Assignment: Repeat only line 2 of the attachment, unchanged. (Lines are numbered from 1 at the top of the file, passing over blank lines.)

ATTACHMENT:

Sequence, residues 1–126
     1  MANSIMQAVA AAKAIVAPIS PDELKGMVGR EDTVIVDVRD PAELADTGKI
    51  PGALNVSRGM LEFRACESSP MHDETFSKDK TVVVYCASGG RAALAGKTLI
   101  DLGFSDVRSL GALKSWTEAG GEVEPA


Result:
     1  MANSIMQAVA AAKAIVAPIS PDELKGMVGR EDTVIVDVRD PAELADTGKI